Crucial planning opportunity or annual waste of time? Five top tips for successful away days
One of the red flags I come across all too often in my work with charities is when someone tells me that they don’t value away days. Upon a little more enquiry, I get one or more of the following comments:
“Oh, it was a fun day at the time. Lots of exciting talk and ideas. But it was really just a waste of time as nothing happened next.”
“We didn’t bother with a professional facilitator. Our CEO has done that kind of thing before so they just ran it themselves.”
“We got a free away day with our HR package.”
“The Trustees had one but the staff team weren’t invited. Away Days aren’t seen as something for us.”
As these comments illustrate, do an away day badly and you risk your efforts backfiring. You risk making the wrong decisions and setting the wrong path. You risk damaging relationships and trust. And you risk setting up your charity to fail.
Do your away days well, on the other hand, and they can be hugely beneficial. For a charity that is thriving, away days can set exciting pathways for the future. For a charity in crisis, they can bring the organisation back to its values, help to overcome relationship barriers and set a course for stability.
So here are my five top tips for running constructive away days:
1 Have a clear outcome in mind
Make sure you’re extremely clear on what you are aiming to achieve by holding an away day. You might want to kickstart a new strategic planning process, team build your Board or SLT, or develop a Theory of Change, for example.
You need to be reasonable as to what can be achieved in a day. A crisis won’t be resolved, but an initial plan to respond to that crisis can be. A Theory of Change won’t be completely finalised, but you can get a huge amount of work done on it. Your strategic plan won’t be ready to go to the printers, but you can go away with some key results and next steps to take.
2 Hire an external facilitator
When I’m in one of my regular interim CEO roles, I never run my own away days, even though I’m a professional facilitator and do this for other charities on a regular basis.
A facilitator’s job is to get other people to think, to engage and to discuss. If a facilitator turns up with their own motives, it simply does not work. They will find themselves bouncing around between contributing and facilitating and will struggle to do either competently.
Saving the pennies on an external facilitator is a false economy, which is not worth the risk of compromising the outcome of your away day.
3 Hire the right facilitator – and think about how much you want them to do
Facilitators don’t tend to come in a one-size-fits-all model. You need to make sure the person you hire aligns with your charity’s approach, culture and specific situation. As a facilitator, that’s important to me too. Ensuring my approach is going to work for any particular group is a big part of whether the day will be a success.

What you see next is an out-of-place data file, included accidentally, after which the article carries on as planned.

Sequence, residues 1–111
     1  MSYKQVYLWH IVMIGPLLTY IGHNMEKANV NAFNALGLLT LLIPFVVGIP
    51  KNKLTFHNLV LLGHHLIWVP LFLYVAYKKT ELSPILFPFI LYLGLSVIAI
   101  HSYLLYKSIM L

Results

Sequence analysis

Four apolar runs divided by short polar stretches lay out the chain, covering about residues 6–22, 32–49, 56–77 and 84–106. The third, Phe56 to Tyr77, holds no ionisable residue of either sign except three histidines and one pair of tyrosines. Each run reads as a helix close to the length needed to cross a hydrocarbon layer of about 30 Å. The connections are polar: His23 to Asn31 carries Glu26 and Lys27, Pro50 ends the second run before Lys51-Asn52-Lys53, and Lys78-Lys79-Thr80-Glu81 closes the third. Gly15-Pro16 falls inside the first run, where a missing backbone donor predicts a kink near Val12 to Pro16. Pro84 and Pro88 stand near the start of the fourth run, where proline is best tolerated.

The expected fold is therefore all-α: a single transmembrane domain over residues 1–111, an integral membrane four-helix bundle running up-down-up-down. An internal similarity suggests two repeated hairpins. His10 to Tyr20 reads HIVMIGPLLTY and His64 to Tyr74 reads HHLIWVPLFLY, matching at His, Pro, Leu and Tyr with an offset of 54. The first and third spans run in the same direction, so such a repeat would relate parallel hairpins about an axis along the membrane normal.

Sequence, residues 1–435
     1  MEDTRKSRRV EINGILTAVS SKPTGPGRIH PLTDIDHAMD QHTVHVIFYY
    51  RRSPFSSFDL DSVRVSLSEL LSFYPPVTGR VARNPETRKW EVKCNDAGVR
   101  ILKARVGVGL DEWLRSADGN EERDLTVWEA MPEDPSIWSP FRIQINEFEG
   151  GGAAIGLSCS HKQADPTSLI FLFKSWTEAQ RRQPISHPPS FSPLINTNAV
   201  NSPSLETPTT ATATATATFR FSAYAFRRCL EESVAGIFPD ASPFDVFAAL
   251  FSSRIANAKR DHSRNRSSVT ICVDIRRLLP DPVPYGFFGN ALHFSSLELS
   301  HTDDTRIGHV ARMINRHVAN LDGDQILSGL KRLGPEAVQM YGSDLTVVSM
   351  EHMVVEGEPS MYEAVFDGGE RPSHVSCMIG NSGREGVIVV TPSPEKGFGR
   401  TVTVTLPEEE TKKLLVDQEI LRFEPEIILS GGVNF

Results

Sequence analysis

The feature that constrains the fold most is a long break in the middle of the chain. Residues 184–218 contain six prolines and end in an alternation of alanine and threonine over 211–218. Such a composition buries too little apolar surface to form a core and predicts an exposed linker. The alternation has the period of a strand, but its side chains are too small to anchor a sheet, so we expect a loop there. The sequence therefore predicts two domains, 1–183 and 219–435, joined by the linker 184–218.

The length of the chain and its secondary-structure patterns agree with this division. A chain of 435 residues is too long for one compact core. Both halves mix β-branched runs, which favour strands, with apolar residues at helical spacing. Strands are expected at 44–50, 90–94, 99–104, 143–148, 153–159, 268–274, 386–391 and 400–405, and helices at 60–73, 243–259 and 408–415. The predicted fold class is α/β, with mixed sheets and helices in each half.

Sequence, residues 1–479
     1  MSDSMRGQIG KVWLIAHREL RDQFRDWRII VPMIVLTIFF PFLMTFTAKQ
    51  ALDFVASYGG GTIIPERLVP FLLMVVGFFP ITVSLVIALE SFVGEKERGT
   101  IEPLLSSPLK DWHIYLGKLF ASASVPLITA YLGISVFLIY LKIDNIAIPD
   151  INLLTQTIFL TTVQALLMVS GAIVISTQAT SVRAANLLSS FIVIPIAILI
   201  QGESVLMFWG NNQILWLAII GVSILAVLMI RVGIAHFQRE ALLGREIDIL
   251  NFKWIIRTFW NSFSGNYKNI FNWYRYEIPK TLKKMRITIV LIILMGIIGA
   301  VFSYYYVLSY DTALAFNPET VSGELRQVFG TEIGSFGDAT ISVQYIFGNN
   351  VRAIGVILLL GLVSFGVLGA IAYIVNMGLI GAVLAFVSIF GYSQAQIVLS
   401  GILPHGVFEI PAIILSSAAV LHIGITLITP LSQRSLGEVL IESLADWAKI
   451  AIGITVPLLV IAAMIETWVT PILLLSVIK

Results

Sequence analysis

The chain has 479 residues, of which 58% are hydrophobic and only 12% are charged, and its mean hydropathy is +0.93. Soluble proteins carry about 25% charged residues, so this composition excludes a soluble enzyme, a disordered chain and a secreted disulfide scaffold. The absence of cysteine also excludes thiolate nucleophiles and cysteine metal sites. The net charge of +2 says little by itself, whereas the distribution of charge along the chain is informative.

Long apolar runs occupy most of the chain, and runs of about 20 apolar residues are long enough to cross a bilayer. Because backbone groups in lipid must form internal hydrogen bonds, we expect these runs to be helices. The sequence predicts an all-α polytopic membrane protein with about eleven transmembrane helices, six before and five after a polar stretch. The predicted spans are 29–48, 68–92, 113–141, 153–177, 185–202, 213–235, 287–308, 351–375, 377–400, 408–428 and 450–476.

Free facilitation might seem like a nice perk when money is tight, but what you’ll find is that they will do minimal prep work, will turn up and run the day however they please and then you’ll never see them again. In essence – it’s a counter productive waste of time. So, thinking about what else a facilitator can do to make your away day successful is also essential.
Facilitators can usually offer a lot beyond the day itself. This might include helping you to prepare for your away day to ensure the greatest impact, writing up notes, reports or draft plans afterwards or helping you to take forward your next steps.
4 Invite the right people
This one comes up most often with strategic planning away days, where you see Trustee Boards launch into a strategic plan without enough staff involvement. This rarely results in a good plan.
It comes back to point 1: what are you trying to achieve? If you can answer that question clearly, you should be able to identify who should be in the room.
Sometimes a good approach is to invite key staff for the morning session, then hold a Board only session in the afternoon. Other times, you might wish to set a series of away days involving different groups, who feed into different parts of the process.
5 Have a clear plan about what happens next
Away days that result in no action are a letdown for your staff and undermine their faith in the planning process. Away days should always lead to something concrete.
Set out clear next steps by the end of the day and share notes from the day with all attendees. Then make sure those next steps actually happen!
Personally, I love away days. I love facilitating them and, when they’re done right, I enjoy attending them. I find it inspiring to see staff and Trustees get away from the day-to-day and invest time in thinking and planning for the future, building their relationships and finding common ground.
Follow these tips to get your away days right and your teams will love them too.
For help with planning and facilitating an away day, please call 01737 814758 or email firstname.lastname@example.org
Felicia Willow is a Charity Consultant and Interim CEO who specialises in charitable governance, strategic planning and crisis management. In addition to her facilitation work running away days, she has held seven charity leadership appointments, taking charities through transformational change to achieve success.